UN moves to curb farmland grabs

Published on Food Crisis and the Global Land Grab (first on Financial Times), by Javier Blas, March 25, 2012.

The UN has proposed that countries set limits on the size of agriculture land sales to regulate the growing trend of so-called farmland grabs.

The new voluntary guidelines won the consensus of nearly 100 countries this month after three years of negotiations and are now set to be ratified in May at a special session in Rome of the UN’s Food and Agriculture Organisation.  

The guidelines, which officials say are largely pro-business, nonetheless state that countries should “provide safeguards” to protect tenure rights.

“Such safeguards could include introducing ceilings on permissible land transactions and regulation over how transfers exceeding a certain scale should be approved, such as by parliamentary approval.”

The FAO said earlier this month that the ‘Voluntary Guidelines on the Responsible Governance of Tenure of Land’ had won the consensus of countries, nongovernmental groups and farmers, but did not release the content of the guidelines.

The voluntary code is the first attempt to regulate investment in farmland deals, which often involve rich countries such as Saudi Arabia and South Korea investing in overseas farming in Africa and Latin America to boost their own food security.

The trend gained prominence after an attempt by South Korea’s Daewoo Logistics in 2008 to secure a large chunk of agricultural land in Madagascar contributed to the collapse of the African country’s government.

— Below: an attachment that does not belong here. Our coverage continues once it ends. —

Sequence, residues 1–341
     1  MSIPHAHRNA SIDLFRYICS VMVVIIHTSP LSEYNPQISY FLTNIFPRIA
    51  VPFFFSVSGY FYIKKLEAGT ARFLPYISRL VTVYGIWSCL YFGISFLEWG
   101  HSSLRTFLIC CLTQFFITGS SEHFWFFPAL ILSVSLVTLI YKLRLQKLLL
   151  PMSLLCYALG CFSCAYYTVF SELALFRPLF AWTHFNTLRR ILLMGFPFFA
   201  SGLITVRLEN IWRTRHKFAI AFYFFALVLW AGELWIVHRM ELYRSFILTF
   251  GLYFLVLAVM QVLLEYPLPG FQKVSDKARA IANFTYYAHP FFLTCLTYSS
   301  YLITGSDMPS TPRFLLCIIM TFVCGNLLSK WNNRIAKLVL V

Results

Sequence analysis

Critics, including prominent international non-governmental organisations like Oxfam believe the deals are a form of neo-colonialism. But supporters argue that investment in farmland could contribute to economic growth in the host countries and improve global food security.

Farmland has become a hotspot not only for countries, agricultural groups and commodities trading houses, but also for institutional investors. For example, US pension fund TIAA-Cref has about $2bn invested in farmland worldwide.

The World Bank last year urged voluntary regulation of farmland investments, painting a poor picture of some of the deals already signed. In a report, the bank said that “land acquisition often deprived local people, in particular the vulnerable” … (full text).

Links:

Investments in land and the phenomenon of land grabbing: Challenges for development policy, on Food Crisis and the Global Land Grab, by BMZ, March 27, 2012: Download the 22 pages PDF;

Between April 1-4, 2012, hundreds of Sierra Leonean small land owners and community members from all over the country will come together in Freetown to organize against land grabs. Join the Oakland Institute in our pledge to raise $10,000 to fund travel, food, and lodging for 100 participants … we need your support urgently, donate now.

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